Tallis Spem in alium

An altogether fascinating experiment throws intriguing light on a familiar work

Author: 
mberry

Tallis Spem in alium

  • Spem in alium
  • Sing and glorify heaven's high majesty

Recording Tallis’s famous 40-part motet is probably one of every choir’s most cherished ambitions. I can remember what was possibly the first performance of it in modern times, having also sung alto in the fifth choir in King’s in the 1930s in a Cambridge University Musical Society concert, under the baton of Boris Ord. In the 1960s the Society made both mono and stereo recordings under David Willcocks. In 1973 the Clerkes of Oxenford, under the leadership of David Wulstan, demonstrated in their recording this conductor’s theory that Tudor pitch was to be interpreted a minor third higher than is usual today, with the angelic sound of high sopranos performing ethereally on top B flats. That recording has been remastered and made available to 21st century listeners by EMI’s Classics for Pleasure. In June 1997 another group of 40 singers, all names known to lovers of English 16th-century music, came together as a new ensemble, Magnificat, under Philip Cave, to make a high definition digital recording.

Chapelle du Roi’s present recording under Alistair Dixon is of historic as well as musical interest. I cannot recall ever having heard a performance of the contrafactum (the practice of borrowing a song from one sphere and making it suitable for use in another by the substitution of words) let alone both versions, the Latin Spem in alium and the English Sing and glorify presented side by side, by the same 40 singers. This naturally invites comparison, not only with existing recordings of Spem in alium, but also of the motet itself and its contrafactum.

The motet owes its existence to an invitation by the Duke of Norfolk for the ageing Tallis to compose an answer to Striggio’s 40-part Ecce beatam lucem. The English contrafactum was probably produced for the investiture, in 1610, of James I’s elder son, Henry, as Prince of Wales. We know that Tallis himself was not averse to using the same material for completely different purposes. But here the question of suitability by whoever made the contrafactum cannot be avoided. Something joyfully heroic would surely be required for such an occasion. Yet Spem in alium is a cry of supplication, marvellously set by the composer.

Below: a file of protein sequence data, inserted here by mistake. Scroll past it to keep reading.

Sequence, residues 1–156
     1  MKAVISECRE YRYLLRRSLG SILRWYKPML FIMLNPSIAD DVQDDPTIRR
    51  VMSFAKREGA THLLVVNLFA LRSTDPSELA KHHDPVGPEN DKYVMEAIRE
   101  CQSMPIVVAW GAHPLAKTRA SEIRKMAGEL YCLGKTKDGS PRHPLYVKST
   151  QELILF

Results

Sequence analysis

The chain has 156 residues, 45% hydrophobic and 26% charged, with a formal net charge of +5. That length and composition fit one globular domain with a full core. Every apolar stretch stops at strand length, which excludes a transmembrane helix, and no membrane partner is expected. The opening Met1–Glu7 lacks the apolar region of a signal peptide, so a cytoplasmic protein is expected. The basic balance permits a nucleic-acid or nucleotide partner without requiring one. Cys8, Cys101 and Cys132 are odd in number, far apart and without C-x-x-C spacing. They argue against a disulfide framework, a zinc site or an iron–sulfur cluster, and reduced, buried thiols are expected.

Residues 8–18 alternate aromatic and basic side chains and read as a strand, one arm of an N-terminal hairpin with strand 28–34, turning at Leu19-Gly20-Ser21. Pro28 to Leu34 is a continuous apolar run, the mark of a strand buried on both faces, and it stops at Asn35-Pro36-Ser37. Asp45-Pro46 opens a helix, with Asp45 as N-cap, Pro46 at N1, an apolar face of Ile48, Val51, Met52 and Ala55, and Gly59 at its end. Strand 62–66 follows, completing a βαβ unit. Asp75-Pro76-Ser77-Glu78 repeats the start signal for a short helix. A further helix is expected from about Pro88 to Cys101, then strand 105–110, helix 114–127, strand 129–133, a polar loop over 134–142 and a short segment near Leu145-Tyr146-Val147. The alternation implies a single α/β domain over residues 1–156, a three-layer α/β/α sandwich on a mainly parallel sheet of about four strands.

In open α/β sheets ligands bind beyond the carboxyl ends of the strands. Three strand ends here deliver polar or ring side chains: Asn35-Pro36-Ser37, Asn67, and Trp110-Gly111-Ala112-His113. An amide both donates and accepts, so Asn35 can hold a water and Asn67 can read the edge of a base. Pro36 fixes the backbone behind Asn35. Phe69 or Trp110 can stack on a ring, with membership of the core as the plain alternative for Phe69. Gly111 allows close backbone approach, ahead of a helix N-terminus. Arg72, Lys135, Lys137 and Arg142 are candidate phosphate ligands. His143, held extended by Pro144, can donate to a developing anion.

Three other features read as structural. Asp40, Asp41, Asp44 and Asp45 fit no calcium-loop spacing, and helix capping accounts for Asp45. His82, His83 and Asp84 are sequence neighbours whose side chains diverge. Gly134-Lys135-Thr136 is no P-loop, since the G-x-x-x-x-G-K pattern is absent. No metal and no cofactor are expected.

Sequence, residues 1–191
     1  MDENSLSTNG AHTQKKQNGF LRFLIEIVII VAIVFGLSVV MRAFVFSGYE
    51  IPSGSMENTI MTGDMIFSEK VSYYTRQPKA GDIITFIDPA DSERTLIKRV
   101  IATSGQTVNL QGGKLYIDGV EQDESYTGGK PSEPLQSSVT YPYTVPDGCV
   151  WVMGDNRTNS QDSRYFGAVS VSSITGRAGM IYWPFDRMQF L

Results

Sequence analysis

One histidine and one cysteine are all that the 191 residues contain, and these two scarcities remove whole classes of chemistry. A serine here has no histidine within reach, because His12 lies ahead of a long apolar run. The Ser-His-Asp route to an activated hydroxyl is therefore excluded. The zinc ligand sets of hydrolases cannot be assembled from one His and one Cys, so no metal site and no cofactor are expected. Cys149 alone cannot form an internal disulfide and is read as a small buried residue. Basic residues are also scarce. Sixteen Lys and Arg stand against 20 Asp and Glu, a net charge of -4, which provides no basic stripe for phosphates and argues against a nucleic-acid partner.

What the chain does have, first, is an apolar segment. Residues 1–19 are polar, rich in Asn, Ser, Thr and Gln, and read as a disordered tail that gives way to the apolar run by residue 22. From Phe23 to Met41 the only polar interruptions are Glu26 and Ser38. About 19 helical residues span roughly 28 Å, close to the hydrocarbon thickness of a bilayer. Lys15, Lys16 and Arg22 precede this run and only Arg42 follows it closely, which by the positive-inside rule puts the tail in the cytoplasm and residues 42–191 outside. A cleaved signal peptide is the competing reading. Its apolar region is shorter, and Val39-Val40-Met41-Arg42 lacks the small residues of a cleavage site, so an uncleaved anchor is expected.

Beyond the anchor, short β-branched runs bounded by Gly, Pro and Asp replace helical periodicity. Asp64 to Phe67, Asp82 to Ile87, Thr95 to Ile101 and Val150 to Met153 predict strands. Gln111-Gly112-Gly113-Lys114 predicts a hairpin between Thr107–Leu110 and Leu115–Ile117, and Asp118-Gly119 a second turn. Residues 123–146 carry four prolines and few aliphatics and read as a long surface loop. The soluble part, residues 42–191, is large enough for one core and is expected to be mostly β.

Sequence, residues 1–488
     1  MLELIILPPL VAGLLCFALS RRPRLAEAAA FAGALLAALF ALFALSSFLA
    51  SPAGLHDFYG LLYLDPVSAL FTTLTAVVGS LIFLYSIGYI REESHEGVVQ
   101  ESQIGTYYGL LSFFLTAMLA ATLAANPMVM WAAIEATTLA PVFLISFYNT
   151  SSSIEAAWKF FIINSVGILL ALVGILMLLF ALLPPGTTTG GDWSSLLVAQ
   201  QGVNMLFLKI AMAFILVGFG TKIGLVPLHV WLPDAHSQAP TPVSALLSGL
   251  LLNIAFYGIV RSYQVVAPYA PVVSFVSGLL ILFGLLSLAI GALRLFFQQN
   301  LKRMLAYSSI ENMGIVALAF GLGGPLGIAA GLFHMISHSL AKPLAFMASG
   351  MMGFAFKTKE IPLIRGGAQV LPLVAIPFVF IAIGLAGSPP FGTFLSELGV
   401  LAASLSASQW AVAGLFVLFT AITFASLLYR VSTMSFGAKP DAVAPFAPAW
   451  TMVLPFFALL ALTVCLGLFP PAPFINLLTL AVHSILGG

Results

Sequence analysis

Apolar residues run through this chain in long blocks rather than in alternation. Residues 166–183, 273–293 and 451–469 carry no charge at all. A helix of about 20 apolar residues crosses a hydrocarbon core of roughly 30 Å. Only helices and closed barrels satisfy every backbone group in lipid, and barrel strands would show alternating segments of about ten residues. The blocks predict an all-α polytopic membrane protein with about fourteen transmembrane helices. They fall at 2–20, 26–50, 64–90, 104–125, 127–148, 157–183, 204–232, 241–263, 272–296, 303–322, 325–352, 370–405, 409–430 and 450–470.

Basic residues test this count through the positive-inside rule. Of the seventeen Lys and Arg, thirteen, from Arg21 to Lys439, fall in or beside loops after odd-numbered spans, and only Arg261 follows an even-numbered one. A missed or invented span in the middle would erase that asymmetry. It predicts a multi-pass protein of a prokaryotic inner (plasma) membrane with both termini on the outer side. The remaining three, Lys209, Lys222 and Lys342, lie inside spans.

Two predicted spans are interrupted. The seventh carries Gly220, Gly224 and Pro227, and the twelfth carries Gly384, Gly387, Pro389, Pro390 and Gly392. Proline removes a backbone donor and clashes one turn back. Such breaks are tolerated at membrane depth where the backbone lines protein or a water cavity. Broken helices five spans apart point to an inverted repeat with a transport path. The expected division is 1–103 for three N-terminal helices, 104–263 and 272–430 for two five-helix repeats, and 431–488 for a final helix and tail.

Chapelle du Roi uncover the composer’s ingenuity at each point of the text: the opening succession of entries across the eight choirs in both directions, culminating in the full choir’s acknowledgement of man’s sinfulness, but his firm hope in God’s mercy, then choir against choir, antiphonally: ‘Domine Deus’, ‘creator caeli et terrae’ – and then the two moments of complete silence before ‘Respice’.

The choir has ordered its dynamics with skill, ending on a fervent note of imploration. For their rendering of the English Coronation motet their slightly faster tempo seems fitting, but the cry of ‘Henry’ after the dramatic pause sounds almost ludicrous. Can this deeply felt music possibly serve as a passé-partout for any old text? A fascinating experiment by the choir, who expose the contrafactum for what it really is!

By contrast, the Latin text for which the music was created and so powerfully expressed by Tallis, is very naturally the one that grips our attention and fires our emotions. If asked which of all these recordings succeeds best, it is the one by Magnificat that still, to my ears, demonstrates most assuredly and with clarity the detail and the impact of this amazing music. To listen to that recording is to find yourself, as it were, within the score, moving from part to part, crossing over from one group of choirs to another, and then finally responding to the overwhelming sound of the full chorus of 40 voices, each with its own individuality.

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